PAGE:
It was sacked in 1338 by the French, including the pirate Grimaldi, who used the plunder to help found the principality of Monaco. After this attack, the city walls were built, some of which remain as ruins today. The city walls include God's House Tower, built in 1417, the first purpose-build artillery fortification in England. Today, it is open as the Museum of Archaeology.

During the middle ages, shipbuilding became an increasingly important industry, which was to remain for centuries to come.

The Second World War hit Southampton particularly hard, because of its strategic importance as the major industrial area on the South Coast. Pockets of Georgian architecture remain, but much of the city was levelled. The accuracy of the locally-based Ordnance Survey's maps did not go unrecognised by the Luftwaffe: the German bomber pilots used them to bomb Southampton.

Southampton was awarded city status in 1964 following a royal charter.

Southampton has had a few significant impacts on global history...

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The dockyards on the River Test
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The memorial to the engineers of the Titanic.
  • It was the original point of departure for the Pilgrim Fathers aboard the Mayflower. A memorial may be found on Town Quay.
  • In common with most of the luxury liners of the time, the Titanic sailed from here, and it is still an important ocean liner port frequented by luxury ships such as the QE2, the Oriana, and most recently the Queen Mary 2. A memorial to the crew of the Titanic may be found in Andrews Park, on Above Bar Street. There is a memorial to the musicians who played on the Titanic just opposite the main memorial.
  • The ahead-of-its-time Supermarine Spitfire was developed and initially manufactured in the suburb of Woolston. A memorial plaque to its designer, Reginald Mitchell, may be found in Russell Place in the suburb of Highfield. Mitchell grew up in Stoke-on-Trent, then had a house in the suburb of Portswood near the university. The plane was a direct descendant of experimental aircraft built by Supermarine that competed in the Schneider Trophy in the 1930s. Supermarine was taken over by Vickers in 1928. Mitchell's short life is documented in the film The First of the Few. On Sept 24th 1940, the Woolston factory was bombed, killing 100 workers, though not damaging the factory. Two days later, the factory was heavily damaged by bombing, and thirty more workers died, which interrupted production of the Spitfire for many weeks at a critical time of the UK's survival.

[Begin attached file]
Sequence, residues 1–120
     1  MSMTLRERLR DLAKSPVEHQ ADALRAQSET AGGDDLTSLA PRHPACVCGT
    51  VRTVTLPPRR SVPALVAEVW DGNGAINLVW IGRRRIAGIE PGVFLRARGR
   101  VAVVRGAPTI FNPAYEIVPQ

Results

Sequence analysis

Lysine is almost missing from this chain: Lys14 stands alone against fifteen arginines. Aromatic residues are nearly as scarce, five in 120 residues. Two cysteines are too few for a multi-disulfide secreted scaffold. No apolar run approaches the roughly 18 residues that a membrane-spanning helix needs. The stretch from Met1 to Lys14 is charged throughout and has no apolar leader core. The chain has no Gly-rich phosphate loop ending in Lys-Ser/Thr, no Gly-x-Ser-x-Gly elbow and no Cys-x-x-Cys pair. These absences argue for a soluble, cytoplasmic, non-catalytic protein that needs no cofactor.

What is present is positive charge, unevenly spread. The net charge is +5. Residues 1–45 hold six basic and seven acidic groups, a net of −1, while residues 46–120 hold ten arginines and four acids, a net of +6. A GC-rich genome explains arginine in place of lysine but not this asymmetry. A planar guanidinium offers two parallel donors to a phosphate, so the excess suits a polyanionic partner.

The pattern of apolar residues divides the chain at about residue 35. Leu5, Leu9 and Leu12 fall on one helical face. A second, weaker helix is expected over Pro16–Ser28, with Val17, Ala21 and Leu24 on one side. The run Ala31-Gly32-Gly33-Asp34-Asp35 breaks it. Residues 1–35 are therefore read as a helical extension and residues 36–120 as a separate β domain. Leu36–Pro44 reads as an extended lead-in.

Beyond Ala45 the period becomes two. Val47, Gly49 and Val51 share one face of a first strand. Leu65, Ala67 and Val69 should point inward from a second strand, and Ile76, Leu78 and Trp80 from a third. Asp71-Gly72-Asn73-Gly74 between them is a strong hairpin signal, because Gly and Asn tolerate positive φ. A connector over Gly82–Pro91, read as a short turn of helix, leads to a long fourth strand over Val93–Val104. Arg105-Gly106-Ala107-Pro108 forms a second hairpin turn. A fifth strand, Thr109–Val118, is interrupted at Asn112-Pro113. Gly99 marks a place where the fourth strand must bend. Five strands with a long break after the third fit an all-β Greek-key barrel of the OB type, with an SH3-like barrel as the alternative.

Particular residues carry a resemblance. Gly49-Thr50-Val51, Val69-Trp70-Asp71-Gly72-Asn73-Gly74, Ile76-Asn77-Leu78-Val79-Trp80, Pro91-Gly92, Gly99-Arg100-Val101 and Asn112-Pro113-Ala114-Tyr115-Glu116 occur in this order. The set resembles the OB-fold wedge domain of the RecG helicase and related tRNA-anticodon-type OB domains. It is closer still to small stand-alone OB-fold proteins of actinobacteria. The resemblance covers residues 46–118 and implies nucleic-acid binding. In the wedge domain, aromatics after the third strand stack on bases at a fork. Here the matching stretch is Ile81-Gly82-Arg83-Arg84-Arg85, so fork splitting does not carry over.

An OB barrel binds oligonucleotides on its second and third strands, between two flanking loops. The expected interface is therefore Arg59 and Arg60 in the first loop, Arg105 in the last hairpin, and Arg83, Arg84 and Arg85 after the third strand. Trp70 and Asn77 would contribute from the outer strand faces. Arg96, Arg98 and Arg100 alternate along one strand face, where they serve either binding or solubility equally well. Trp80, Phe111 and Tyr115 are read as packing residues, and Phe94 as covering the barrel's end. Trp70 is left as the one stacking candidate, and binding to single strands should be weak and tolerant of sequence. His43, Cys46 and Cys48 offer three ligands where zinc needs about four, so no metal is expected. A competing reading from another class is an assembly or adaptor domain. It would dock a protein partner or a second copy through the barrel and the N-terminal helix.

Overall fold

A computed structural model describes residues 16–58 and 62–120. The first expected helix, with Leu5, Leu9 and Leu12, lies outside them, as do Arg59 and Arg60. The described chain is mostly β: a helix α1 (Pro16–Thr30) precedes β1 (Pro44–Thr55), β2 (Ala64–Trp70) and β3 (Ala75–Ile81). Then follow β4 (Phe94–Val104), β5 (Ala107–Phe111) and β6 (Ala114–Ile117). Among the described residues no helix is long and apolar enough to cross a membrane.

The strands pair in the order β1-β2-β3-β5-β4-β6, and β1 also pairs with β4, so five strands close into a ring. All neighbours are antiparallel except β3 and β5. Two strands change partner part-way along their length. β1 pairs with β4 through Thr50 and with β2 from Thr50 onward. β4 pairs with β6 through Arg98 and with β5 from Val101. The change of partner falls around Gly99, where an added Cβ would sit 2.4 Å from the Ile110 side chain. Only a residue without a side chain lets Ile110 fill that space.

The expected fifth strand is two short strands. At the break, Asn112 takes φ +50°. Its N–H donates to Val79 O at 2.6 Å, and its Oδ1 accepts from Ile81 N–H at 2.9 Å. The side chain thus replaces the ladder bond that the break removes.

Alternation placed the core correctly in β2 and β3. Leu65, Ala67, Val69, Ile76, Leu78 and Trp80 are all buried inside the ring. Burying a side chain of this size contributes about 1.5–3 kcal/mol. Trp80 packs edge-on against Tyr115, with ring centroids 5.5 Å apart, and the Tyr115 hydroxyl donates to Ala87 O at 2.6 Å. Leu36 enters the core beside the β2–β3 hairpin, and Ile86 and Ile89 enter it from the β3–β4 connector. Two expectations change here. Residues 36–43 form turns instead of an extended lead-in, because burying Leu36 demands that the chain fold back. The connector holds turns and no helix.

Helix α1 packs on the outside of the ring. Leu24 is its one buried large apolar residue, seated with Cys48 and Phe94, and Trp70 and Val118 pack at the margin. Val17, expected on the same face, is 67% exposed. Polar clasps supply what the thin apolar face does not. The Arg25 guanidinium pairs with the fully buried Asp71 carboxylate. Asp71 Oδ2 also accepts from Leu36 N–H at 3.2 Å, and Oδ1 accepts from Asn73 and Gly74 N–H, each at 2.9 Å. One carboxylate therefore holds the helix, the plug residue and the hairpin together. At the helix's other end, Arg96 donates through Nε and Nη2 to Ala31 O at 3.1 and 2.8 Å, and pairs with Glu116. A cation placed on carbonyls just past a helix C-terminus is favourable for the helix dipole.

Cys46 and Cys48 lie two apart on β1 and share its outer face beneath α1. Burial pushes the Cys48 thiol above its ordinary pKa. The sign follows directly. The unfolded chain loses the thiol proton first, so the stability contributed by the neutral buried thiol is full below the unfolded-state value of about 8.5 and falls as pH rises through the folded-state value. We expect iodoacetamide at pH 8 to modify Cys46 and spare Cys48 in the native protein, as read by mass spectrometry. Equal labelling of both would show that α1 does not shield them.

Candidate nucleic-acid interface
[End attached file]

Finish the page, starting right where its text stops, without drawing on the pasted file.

• There were many aircraft companies based around Hamble, to the east of the city, from the 1930s to 1950s, including Folland Aviation, started by Henry P Folland, the former chief designer of Gloster Aircraft. Folland was taken over by Hawker Siddeley in 1960, and later as British Aerospace, the factory built the Hawk and Harrier. The history of the area's contribution to aviation is celebrated at the Southampton Hall of Aviation, near Itchen Bridge, and opposite to where the Woolston Supermarine factory was.
  • The city was the birthplace of hymn writer Isaac Watts. The Watts memorial in the city's West Park - also known as the Watts Park - was unveiled in 1861. Just across the road from there, the city's Civic Centre (the first building to bear that name) has a clock which plays a Watts hymn (O God Our Help In Ages Past) every four hours.
  • The painter John Everett Millais was born in the city. The Southampton Institute's art gallery is named Millais Gallery [1] (http://millais.solent.ac.uk/) in his honour.
  • BOAC had a flying boat base in the docks serving British colonial possessions in Africa and Asia in the 1930s and 1940s. It closed in 1950 when land based aircraft became dominant.
  • The city is home to Sir Edwin Lutyens' first permanent cenotaph, a memorial to the city's dead of World War I. When it was unveiled on 6 November 1920, it was 1800 names, later raised to 2008. It can be found in West (Watts) Park, opposite the Titanic memorial.
  • Nearby, Calshot Spit was a base for the military flying boat services.
  • It was the birthplace of comedian Benny Hill, who lived in nearby Eastleigh.
  • Another famous comedian, Tommy Cooper lived here for many years.
  • Southampton is home to the world's oldest surviving bowling green

Nearby towns and villages

Nearby rivers

Twin towns

Southampton is twinned with:


External links


Districts of England - South East England Flag of England

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Administrative counties with multiple districts: Berkshire - Buckinghamshire - East Sussex - Hampshire - Kent - Oxfordshire - Surrey - West Sussex

de:Southampton